From atomic collisions to steam pipes, millions of dollars disbursed under the American Recovery and Reinvestment Act of 2009 are being well spent at K-State.
To date, the university has received more than $2.1 million for scientific research and is anticipating several million more for a major lab upgrade and long-deferred infrastructure projects. A $2.3 million award for infrastructure projects will kick off a steam pipe replacement project on the southwest part of campus in the spring, with another $5.6 million expected in 2010 to fund additional infrastructure projects that have been deferred.
The American Recovery and Reinvestment Act of 2009, also known as the stimulus bill, included about $21.5 billion for federal research and development across the nation. The program includes large increases in federal support for research, education, job development, infrastructure and many other areas vital to K-State.
In the arena of research, K-State scientists are spending the dollars on projects with real-world implications. From potentially resolving eye problems suffered by diabetics to the ins and outs of ultracold quantum gases, K-State's experts are leading the way.
"K-State faculty members are exceedingly successful in any research competition and this has been no exception," said Ron Trewyn, K-State's vice president for research. "Even with very short submission timelines during the busiest period of the academic year, they stepped up to the challenge. K-State faculty are proven winners, so it's no surprise they're leading the way again."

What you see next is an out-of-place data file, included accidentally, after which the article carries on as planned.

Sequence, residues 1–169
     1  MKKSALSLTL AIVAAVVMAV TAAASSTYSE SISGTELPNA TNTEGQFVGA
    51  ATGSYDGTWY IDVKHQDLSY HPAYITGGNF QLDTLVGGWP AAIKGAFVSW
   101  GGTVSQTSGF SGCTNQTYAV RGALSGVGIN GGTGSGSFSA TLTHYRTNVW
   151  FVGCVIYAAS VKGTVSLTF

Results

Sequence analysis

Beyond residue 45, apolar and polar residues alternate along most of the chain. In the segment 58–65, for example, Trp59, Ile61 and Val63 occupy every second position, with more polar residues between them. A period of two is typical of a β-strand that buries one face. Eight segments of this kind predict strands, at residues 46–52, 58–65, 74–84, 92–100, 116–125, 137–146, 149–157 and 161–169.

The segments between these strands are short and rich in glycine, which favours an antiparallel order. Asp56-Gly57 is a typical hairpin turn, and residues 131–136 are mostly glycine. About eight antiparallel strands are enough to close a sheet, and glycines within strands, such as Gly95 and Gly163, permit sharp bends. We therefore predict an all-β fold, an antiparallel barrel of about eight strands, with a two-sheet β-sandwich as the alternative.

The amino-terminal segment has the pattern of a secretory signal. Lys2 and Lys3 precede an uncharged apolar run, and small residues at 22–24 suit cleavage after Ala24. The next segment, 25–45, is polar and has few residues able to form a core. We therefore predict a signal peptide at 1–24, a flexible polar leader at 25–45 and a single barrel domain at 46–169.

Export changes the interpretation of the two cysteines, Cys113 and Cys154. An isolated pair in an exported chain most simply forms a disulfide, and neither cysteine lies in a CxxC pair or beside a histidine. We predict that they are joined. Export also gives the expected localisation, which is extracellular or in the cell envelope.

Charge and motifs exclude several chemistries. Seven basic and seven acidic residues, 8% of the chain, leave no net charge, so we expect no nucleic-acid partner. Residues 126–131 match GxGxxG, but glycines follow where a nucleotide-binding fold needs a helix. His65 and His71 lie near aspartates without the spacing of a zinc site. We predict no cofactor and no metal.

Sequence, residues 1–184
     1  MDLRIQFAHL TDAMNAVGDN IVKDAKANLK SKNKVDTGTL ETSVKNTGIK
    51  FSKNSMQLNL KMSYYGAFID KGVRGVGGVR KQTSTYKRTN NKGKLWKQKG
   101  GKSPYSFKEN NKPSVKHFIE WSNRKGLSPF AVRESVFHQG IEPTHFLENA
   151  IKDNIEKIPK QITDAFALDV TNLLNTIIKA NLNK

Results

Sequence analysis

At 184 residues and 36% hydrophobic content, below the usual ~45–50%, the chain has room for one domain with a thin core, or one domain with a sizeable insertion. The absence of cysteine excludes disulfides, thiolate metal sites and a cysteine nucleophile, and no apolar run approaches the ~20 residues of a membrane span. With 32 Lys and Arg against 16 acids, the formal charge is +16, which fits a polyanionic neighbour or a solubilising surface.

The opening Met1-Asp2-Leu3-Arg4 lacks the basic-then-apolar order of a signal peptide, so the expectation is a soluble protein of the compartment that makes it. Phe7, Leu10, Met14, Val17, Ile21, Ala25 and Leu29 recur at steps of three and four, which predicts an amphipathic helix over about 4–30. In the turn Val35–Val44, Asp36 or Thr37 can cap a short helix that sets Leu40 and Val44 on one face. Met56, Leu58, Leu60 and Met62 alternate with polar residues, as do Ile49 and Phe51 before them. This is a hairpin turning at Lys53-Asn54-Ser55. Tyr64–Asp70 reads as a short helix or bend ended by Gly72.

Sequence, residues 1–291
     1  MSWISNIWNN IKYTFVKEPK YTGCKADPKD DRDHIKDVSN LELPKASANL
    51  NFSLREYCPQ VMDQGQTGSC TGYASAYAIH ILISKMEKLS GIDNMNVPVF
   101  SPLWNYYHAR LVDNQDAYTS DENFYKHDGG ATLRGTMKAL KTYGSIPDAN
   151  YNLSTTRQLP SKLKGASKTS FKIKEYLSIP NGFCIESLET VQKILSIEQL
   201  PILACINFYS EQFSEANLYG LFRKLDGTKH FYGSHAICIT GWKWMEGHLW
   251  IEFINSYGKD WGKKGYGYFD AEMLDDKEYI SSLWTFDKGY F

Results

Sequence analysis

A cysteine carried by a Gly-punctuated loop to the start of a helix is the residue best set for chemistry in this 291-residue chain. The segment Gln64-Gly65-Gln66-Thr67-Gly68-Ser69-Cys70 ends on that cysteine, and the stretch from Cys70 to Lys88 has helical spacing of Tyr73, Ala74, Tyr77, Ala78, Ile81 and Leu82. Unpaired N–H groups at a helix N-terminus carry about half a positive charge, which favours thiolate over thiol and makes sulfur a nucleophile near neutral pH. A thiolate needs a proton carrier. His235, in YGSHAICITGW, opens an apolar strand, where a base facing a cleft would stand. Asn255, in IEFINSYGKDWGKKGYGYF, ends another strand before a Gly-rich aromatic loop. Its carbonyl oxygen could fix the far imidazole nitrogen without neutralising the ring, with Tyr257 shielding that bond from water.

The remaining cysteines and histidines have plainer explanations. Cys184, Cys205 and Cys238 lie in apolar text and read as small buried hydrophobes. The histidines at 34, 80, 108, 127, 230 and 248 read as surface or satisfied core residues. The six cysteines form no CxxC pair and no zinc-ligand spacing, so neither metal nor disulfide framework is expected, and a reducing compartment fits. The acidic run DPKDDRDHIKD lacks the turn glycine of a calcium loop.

Researchers being supported by stimulus dollars include:
* K-State biologist Katsura Asano is collaborating with Harvard researchers to create a clearer picture of certain cellular process that play a role in chronic diseases like cancer. Asano's grant of $200,000 from the National Institutes of Health's National Institute of General Medical Sciences will help him study how eukaryotic cells -- like the ones humans have -- initiate the process of building proteins. The long-term goal of Asano's research is to understand the complex pathway that sets cells into motion to build proteins accurately rather than with an alteration that can result in malignancy or chronic disease.
* K-State ecologists Ari Jumpponen, Brett Sandercock and Bruce Snyder are using their $210,000 from the National Science Foundation to enable undergraduate researchers to study ecology and evolution on the Konza Prairie. The Research Experience for Undergraduates Site program in biology started in 1995 and brings outstanding students to K-State for a 10-week summer research program where they take on independent research projects. The focus of the K-State site is to study the biota of the tallgrass prairie with implications for predicting and mitigating the consequences of global change.